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noun, plural: transposons

A small segment of DNA that is capable of replicating and inserting copies of DNA at random sites in the same or a different chromosome


Transposons are DNA segments that are mobile. They can replicate and insert copies at sites within the same or a different chromosome. They can therefore alter the genetic constitution of an organism.

Transposons have two types according to the genes they code for: (1) simple transposons and (2) complex transposons. The simple transposons consist of genes needed for insertion, particularly the gene coding for transposases, which are enzymes that catalyze their insertion. The complex transposons are those consisting of other genes apart from those needed for insertion. Transposons are the genetic elements associated with antibiotic resistance in certain bacteria. For instance, the Tn5 that codes for transposase Tn5 as well as those for antibiotic resistance to kanamycin.1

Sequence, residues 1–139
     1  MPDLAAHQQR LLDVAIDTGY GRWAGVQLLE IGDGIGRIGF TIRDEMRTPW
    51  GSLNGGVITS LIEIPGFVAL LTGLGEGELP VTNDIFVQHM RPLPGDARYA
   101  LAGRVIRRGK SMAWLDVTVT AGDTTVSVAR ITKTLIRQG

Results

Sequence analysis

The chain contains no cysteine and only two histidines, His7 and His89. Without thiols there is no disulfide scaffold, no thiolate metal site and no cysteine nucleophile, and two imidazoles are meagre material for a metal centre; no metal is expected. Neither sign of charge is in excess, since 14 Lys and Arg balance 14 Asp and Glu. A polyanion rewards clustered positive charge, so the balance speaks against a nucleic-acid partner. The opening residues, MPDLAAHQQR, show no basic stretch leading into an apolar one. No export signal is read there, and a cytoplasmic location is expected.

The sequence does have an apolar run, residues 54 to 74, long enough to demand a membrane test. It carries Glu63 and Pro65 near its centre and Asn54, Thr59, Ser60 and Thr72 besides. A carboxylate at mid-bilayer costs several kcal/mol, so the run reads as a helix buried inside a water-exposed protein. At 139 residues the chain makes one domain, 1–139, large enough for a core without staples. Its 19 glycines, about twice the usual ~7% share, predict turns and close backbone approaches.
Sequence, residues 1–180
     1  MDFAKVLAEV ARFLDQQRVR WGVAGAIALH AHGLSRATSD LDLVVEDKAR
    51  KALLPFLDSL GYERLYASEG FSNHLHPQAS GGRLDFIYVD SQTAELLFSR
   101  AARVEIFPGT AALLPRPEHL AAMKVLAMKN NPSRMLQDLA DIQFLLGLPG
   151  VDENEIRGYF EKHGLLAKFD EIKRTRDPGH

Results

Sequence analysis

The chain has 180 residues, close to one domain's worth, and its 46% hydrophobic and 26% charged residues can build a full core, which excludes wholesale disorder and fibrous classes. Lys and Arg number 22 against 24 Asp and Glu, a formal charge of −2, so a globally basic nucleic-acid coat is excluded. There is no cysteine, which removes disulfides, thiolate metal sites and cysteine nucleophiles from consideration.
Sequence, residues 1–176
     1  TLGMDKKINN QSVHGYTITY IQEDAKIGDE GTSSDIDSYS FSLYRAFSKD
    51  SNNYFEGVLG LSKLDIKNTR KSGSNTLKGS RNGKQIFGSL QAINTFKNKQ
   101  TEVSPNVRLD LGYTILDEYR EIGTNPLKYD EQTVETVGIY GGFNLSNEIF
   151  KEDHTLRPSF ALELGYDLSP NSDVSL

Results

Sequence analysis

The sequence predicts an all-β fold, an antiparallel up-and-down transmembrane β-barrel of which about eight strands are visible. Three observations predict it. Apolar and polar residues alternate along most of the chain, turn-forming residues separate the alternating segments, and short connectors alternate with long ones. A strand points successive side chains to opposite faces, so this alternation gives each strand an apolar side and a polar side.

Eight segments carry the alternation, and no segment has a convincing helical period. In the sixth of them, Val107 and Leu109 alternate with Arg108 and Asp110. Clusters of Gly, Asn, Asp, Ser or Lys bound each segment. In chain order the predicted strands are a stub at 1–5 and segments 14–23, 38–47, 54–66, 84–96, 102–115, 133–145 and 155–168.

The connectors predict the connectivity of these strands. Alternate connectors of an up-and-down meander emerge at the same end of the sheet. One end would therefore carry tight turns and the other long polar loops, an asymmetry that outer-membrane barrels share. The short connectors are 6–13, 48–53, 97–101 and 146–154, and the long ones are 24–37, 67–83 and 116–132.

In eukaryotes, there are two classes of transposons. The first class is a group of transposons that are bacterial-like in a way that the DNA sequences move directly. The second class, called retrotransposons, move by producing RNA that is transcribed by reverse transcriptase into DNA that is then inserted at a new site.

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1 Reznikoff, William S. (2003). "Tn5 as a model for understanding DNA transposition". Molecular Microbiology 47 (5): 1199–1206.

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